The added value of adaptation turning point identification as a planning tool for uncertain futures is not in the assessment of when turning points exactly occur (although this is relevant information for stakeholders too). The main value lies in the appraisal of adaptation options. Comparison of turning points of different adaptation strategies shows the sustainability of strategies and uncovers potential lock ins (e.g., continuation of the current practice of dredging has limited effects on climate proofing and cannot be reversed and excludes other measures) and makes it possible to rank options in terms of timing of implementation and expected time of effectiveness. On the basis of adaptation tipping point analyses, Haasnoot et al. (2013b) developed adaptation pathways, consisting of a flexible set of measures, adaptable to changing conditions in the future. The same can be done with adaptation turning point analyses.

CONCLUSIONS

In the Lobith area, the inland waterway transport sector probably will face longer and more frequent dry periods driven by climate change. Our results suggest that decision-makers should expect a threshold situation to occur during the first half of the 2080 decade, when water depths resulting from low water discharges will impose a physical limit to inland waterway transport during at least 7 days in a row every year. After this threshold is reached, shipping companies will no longer be able to guarantee transportation to their customers.

For the identification of the threshold we used the adaptation turning point analysis. This methodology starts with an inventory of stakeholder opinions on when they consider impacts of climate change on their sector intolerable. As such, this methodology takes stakeholder concerns as problem definition instead of the usual climate impact or risk assessments. By doing so, this approach aims at bridging the gap between policy-makers and stakeholders on one side and experts on the other side.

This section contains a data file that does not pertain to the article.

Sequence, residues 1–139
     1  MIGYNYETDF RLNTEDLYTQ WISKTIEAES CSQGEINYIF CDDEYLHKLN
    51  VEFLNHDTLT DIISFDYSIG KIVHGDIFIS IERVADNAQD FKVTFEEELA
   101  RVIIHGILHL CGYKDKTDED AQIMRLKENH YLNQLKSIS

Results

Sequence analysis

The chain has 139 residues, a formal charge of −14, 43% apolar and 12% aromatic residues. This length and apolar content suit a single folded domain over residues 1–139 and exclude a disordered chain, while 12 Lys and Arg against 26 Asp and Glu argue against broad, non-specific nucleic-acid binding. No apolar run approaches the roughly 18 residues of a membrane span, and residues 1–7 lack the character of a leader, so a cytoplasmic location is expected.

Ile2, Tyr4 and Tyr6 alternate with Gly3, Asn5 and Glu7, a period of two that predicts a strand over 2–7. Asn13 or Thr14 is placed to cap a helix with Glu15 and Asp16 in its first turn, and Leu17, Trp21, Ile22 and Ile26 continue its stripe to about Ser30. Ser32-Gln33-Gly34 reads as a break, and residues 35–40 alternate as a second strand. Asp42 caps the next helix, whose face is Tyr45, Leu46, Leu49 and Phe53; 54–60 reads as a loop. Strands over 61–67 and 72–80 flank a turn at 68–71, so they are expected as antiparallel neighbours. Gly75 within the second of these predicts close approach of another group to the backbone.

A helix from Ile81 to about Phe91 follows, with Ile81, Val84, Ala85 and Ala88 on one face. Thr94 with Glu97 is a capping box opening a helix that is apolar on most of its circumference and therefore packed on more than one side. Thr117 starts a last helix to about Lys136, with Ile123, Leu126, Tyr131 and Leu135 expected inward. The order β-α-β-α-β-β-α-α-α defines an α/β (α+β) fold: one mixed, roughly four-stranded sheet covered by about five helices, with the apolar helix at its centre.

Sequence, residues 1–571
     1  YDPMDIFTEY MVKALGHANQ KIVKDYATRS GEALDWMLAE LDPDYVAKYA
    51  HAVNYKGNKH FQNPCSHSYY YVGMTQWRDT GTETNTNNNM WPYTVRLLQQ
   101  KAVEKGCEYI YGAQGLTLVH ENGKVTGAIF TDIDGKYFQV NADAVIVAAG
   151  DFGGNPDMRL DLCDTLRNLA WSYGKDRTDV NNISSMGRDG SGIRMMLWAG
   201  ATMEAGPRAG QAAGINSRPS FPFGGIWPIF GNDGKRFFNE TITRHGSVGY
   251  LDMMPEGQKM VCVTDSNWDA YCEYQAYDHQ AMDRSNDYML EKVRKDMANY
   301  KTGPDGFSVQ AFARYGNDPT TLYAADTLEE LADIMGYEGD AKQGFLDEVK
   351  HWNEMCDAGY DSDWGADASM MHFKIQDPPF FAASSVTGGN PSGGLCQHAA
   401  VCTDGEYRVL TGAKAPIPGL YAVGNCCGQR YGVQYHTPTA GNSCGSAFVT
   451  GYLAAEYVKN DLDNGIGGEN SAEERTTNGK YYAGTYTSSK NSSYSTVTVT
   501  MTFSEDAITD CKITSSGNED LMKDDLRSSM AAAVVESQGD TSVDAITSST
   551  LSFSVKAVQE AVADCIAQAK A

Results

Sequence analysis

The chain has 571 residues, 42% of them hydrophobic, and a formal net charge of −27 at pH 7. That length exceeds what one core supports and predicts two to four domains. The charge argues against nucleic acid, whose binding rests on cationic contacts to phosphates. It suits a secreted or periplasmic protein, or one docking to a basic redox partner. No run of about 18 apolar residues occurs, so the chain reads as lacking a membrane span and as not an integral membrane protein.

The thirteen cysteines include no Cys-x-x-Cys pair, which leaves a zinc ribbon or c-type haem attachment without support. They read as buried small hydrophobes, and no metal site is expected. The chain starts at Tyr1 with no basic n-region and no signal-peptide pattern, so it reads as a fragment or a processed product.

There is no straightforward answer to the question about the best adaptation measure to face the impacts of low water periods on inland waterway transport. The uncertainty attached to climate change studies makes it difficult to estimate the actual severity of the consequences associated with low water levels in the Rhine River. However, following earlier work on adaptation pathways (Haasnoot et al. 2013b), the adaptation turning point approach provides analysts with a dynamic appraisal method of adaptation options, meaning that options may be ranked with timing of period of effectiveness and timing of the period needed for implementation as criteria. This increases flexibility of planning and allows for uncertainty about changing future conditions.

ACKNOWLEDGEMENTS

This research has been developed in the framework of MEDIATION Project, ‘Methodology for Effective Decision-making on Impacts and AdaptaTION’, funded by the European Commission, 7th Framework Program, Theme 6 (Environment, including Climate Change).

REFERENCES

REFERENCES
Barnett
T. P.
Adam
J. C.
Lettenmaier
D. P.
2005
Potential impacts of a warming climate on water availability in snow-dominated regions
.
Nature
438
(
7066
),
303
309
.
Bernstein
L.
Bosch
P.
Canziani
O.
Chen
Z.
Christ
R.
Davidson
O.
Hare
W.
Huq
S.
Karoly
D.
Kattsov
V.
Kundzewicz
Z.
Liu
J.
Lohmann
U.
Manning